This is a little off topic, but I thought it would be of interest to many of Rocket Gardener’s customers, as having hens is right up there with growing veg part of living the good life.
18 months ago, I went to collect some “retired” hens from one of the British Hen Welfare Trust’s re-homing days. In a nutshell, the BHWT swoop in to rescue thousands of commercial laying hens that are on their way to be slaughtered, and, through their pop-up centres across the UK, they find people like me who want to give a few of these hens a new home with a free-range lifestyle. These hens tend to be around 18 months old, and they are deemed un-productive as they no longer produce enough eggs – they only lay 6 a week, not 7. My hens came from an enriched-cage farm.
As you can see from the picture above, when I picked up my hens they were in a pretty sorry state. They were by no means in the worst condition, though, there were many that were even more featherless. My hens hadn’t experienced the great outdoors yet, and when I got them home they were suspicious and reluctant to leave the dog cage that I had collected them in. It didn’t take long though, and within an hour or two they were out and about, pecking away and enjoying their first taste of freedom alongside my other two speckled hens, who are just a few months older. They laid eggs the next day (and pretty much every day after that for the next year).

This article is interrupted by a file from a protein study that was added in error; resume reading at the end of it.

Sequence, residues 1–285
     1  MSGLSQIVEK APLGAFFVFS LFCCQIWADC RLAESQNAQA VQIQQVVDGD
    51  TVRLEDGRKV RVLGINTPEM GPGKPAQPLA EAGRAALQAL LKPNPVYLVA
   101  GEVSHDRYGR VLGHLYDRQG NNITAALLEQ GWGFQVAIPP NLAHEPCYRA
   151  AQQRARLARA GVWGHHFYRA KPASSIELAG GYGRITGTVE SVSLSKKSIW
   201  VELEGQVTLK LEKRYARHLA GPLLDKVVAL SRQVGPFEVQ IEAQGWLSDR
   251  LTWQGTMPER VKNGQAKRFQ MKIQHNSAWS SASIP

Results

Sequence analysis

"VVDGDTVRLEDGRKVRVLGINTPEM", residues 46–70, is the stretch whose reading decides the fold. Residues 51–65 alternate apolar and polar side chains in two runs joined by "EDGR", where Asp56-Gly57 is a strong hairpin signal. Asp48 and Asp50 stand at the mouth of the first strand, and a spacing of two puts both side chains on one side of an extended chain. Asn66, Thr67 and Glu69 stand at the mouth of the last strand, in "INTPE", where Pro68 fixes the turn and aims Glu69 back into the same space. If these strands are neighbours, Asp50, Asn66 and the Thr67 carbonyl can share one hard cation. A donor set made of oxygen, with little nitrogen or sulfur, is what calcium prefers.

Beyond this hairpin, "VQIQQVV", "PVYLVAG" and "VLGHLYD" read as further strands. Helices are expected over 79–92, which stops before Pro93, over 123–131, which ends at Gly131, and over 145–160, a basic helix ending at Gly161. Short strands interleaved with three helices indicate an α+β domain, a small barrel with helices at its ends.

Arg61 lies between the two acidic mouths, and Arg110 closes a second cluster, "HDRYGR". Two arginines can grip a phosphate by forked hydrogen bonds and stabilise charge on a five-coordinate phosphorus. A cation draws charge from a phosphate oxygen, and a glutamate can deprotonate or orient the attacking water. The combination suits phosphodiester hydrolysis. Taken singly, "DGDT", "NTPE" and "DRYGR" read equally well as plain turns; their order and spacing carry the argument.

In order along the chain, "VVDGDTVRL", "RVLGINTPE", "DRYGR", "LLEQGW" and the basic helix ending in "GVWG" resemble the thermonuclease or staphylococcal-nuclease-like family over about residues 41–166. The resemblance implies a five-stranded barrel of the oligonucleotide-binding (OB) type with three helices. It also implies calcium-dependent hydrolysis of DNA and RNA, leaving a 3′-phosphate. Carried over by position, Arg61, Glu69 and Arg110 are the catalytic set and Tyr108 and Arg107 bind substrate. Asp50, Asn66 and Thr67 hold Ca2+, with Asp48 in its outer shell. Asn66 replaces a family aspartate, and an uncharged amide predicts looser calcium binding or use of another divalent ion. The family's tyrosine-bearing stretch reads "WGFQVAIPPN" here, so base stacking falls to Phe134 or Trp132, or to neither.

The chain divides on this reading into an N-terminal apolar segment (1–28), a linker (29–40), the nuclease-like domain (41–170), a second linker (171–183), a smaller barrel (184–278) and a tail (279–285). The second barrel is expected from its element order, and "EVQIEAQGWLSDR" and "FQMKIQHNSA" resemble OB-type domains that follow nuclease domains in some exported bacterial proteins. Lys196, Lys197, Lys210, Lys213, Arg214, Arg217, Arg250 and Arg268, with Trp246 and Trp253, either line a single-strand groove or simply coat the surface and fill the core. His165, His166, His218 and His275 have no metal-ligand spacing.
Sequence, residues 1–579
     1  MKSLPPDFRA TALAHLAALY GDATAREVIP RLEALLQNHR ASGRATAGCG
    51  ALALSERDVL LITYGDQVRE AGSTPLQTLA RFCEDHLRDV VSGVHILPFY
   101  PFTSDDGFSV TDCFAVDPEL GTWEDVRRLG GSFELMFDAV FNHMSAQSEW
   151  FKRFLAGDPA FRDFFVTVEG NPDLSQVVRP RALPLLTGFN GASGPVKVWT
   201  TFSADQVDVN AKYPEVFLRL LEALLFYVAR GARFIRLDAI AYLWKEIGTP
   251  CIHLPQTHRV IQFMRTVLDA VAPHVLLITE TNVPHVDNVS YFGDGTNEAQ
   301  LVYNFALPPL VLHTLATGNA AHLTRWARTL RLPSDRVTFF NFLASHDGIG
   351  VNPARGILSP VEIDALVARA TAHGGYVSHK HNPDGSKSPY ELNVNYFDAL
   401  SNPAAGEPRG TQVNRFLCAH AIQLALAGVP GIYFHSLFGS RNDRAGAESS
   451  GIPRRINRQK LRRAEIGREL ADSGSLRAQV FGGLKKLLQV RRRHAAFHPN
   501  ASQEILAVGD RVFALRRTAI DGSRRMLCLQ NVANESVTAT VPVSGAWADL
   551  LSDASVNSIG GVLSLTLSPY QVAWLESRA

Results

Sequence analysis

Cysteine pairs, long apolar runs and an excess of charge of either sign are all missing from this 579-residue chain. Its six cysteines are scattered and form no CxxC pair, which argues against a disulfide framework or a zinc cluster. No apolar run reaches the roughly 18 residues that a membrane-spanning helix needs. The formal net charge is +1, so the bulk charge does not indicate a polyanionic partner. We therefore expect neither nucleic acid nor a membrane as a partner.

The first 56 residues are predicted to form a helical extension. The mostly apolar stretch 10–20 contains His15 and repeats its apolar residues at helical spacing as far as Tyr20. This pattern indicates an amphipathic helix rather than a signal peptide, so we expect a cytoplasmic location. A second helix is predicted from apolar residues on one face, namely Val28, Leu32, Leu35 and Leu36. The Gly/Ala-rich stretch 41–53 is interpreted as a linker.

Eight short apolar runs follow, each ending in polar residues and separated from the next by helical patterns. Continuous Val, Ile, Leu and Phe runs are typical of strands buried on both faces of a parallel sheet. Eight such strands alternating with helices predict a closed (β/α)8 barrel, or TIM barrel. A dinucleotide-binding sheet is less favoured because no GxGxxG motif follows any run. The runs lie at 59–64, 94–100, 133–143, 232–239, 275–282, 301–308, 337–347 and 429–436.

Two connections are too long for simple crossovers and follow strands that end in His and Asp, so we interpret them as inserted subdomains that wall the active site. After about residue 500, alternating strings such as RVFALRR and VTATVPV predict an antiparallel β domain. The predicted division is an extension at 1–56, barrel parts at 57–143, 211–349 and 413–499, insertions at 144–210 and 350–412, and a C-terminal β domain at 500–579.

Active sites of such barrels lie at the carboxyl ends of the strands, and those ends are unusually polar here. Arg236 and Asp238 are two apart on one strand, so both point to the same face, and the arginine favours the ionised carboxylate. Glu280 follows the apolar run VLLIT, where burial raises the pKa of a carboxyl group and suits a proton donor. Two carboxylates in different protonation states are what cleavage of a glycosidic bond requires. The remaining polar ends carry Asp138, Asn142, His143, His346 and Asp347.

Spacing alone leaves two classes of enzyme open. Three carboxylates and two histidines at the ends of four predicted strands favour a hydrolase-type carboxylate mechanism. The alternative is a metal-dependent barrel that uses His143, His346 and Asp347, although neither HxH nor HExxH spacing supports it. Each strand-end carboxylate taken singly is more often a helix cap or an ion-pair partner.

Within a few months, the girls had all their lovely new feathers and were looking much happier. Their characters shone through when they came to greet me in the morning, trampling over my feet whilst I prepared their breakfast. They often helped out in the chicken run; whilst I dug up clusters of nettles or brambles, they got in the way and gobbled up any worms and grubs. Life carried on like this until early autumn this year, when all three got ill. Two of them died, and one recovered. My speckled hens were fine, and totally unaffected by the illness. Presumably, after their tricky start in life the brown hens had a compromised immune system which meant they weren’t able to fend off illness as easily as the speckled hens.
A few weeks later, this Monday, the remaining hen also died. I was away at the time, and my neighbour was looking after her and the 2 speckled hens. Commercial laying hens are more prone to illnesses, and in particular are prone to forms of cancer and egg peritonitis. Their lives are often much shorter than their free-range, domestic peers. I know that if I adopt some more, that they will probably die within a year or two as well, but that’s definitely not going to stop me – it has been such a rewarding journey, seeing these little girls claim their right to be a ‘proper’ chicken. I’m sad that they didn’t live longer, but I’m glad that they at least spent half their lives living the good life.